After this, the use of trigonometric function tables began to spread among Japanese scientists. The first Japanese mathematicians to make use of trigonometry were G. Nakane and his disciples. G. Nakane has left two manuscripts; Nichi getsu Kosoku (The Measurement of Altitude of Sun and Moon) written in 1732 and Hassenhyo sanpo kaigi (The Mathematical Solution by Using Trigonometric Table). These are the earliest examples of the use of trigonometry by Japanese mathematicians.




Toward the end of the eighteenth century, the Dutch interpreter Tadao Shiduki (1760-1806) began to translate a scientific book entitled Rekisho shinsho (The Guide Book of New Astronomy and Natural Science). This manuscript was composed of three volumes and completed in 1802, which was never printed. Description concerned with astronomy and physics was quite based on Johan Lulofs (1711-1768)’s Inleidinge tot de ware Natuuren Sterrekunde of de Natuuren Sterrekundige Lessen, which was published in Leiden in 1741.

Here, we trace the process of the introduction of Napier’s rule into Japan. Baron John Napier(1550-1617) Scottish mathematician, who is well-known as discover of logarithms and inventor of Napier’s rod, was first referred by T. Shiduki in Sankaku teiyo hisan. T. Shiduki describes Napier’s homeland and his name using Chinese characters. The Chinese characters were used to mimic as closely as positive the Dutch pronunciation equivalent. Referring to Napier’s rule for the right spherical triangles are wrote as follows:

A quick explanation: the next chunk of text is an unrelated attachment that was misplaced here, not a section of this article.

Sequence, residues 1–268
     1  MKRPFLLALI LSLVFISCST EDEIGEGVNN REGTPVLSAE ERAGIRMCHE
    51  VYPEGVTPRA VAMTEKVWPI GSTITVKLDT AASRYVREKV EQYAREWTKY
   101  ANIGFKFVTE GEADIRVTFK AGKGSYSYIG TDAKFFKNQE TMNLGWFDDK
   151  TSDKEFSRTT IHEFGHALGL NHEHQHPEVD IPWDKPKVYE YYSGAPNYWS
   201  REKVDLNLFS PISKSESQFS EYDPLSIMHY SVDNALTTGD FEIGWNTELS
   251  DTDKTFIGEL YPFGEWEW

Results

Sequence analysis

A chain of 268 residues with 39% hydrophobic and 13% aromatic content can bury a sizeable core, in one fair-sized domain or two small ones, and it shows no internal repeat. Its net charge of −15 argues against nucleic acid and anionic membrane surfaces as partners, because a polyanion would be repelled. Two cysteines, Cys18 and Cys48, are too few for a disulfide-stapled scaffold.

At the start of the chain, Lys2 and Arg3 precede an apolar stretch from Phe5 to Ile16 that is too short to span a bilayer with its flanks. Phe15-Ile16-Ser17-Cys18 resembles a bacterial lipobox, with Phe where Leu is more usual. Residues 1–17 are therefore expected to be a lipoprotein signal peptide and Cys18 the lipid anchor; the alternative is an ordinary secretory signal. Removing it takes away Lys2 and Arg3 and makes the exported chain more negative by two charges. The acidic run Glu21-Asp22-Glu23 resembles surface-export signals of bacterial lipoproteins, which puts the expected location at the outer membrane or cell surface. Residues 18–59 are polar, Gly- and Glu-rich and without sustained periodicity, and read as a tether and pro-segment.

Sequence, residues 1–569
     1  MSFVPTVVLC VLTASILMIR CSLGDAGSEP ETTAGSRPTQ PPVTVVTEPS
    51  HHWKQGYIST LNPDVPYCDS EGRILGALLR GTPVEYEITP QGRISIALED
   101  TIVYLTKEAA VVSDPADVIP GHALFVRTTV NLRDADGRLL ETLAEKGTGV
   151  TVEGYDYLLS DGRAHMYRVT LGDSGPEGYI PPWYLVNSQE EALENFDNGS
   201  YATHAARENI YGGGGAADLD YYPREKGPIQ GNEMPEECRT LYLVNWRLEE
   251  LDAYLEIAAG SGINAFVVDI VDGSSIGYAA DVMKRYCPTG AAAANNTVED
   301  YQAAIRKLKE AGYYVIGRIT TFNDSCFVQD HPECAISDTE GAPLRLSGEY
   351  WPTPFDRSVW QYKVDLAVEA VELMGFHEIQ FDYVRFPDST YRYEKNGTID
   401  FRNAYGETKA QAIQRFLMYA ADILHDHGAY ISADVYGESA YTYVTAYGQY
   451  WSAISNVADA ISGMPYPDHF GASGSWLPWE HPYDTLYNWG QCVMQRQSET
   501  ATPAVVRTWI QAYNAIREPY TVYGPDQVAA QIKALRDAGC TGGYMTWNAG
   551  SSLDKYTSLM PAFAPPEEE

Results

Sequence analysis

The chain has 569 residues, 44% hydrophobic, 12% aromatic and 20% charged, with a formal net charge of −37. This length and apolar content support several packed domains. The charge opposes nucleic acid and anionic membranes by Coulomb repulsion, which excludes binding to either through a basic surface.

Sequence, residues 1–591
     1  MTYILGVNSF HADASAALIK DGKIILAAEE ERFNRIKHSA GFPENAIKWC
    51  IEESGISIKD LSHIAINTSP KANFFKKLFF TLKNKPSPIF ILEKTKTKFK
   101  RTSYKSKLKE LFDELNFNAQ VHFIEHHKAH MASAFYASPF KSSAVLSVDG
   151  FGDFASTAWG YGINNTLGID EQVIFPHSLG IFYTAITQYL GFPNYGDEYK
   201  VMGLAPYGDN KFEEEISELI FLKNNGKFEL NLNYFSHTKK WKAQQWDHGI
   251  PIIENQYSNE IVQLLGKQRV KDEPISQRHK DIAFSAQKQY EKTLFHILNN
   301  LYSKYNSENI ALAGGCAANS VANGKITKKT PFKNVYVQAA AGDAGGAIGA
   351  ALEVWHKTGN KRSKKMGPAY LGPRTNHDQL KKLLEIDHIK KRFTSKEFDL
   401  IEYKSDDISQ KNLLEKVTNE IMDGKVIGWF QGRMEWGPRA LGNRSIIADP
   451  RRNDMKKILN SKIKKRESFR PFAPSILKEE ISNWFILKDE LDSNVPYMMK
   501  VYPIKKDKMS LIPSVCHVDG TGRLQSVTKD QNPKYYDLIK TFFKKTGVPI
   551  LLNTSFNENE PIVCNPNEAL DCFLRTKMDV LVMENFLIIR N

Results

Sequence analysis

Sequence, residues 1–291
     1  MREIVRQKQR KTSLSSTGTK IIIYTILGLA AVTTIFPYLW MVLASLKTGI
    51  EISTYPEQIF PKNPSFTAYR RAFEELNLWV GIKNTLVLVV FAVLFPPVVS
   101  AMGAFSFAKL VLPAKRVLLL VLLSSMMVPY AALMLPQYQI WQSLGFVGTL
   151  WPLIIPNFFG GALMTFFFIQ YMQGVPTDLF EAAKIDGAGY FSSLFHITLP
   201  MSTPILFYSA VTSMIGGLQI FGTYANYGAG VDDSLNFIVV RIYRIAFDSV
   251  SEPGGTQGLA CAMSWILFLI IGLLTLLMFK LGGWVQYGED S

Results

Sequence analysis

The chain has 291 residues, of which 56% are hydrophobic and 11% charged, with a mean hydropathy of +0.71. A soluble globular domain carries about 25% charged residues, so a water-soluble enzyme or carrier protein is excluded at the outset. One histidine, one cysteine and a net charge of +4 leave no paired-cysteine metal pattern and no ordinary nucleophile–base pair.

1. cos c r = cot A cot B.

2. cos c r = sin a sin b. (r = 1)

These rules can be easily memorized by the expressions cotan. ad. and sin. op. Now we compare his terminology and expressions with the contents of the J. Lulofs’ book as he translates, all of them are obviously leaded from the chapter of Over de ontbindinge der regthoekige klootsche Driehoeken door vyf delen eens Cirkels.



Japanese mathematicians completely comprehended the use of trigonometry by the nineteenth century. Then they knew that a side of inscribed regular n-polygon of a circle can be expressed by trigonometric function. Those particular examples will be fund in Akiyuki Kenmochi’s study Kaku-jutsu shokei and so forth. 

Chinese books on Western calendrical calculations played an important role in bringing Western knowledge indirectly, via Chinese works, into Edo Japan. Eventually these books and those who read them served to form a bridge between the East and the West.



Kobayashi, T. (2002) What kind of mathematics and terminology was transmitted into 18th-century Japan from China?, Historia Scientiarum, Vol.12, No.1.

Kobayashi, T. (2002) On Mei Wending’s works in the Momijiyama Bunko Library, [in Japanese], Journal of History of Science, [Japan], Vol. 41, No. 221.

Wasan Institute (2000) Jinko-ki, [Reprint ed.], Tokyo: Tokyo Shoseki Printing Co., Ltd.

Yan, Li and Shiran, Du (1987) Chinese Mathematics: A Concise History, Oxford: Clarendon Press, [translated by John N. Crossley and Anthony W.-C. Lun].

*This study was conducted under the financial support from the Science Research Fund, the Ministry of Education and Science, Japan, Grant-in-Aid for Scientifics Research (1).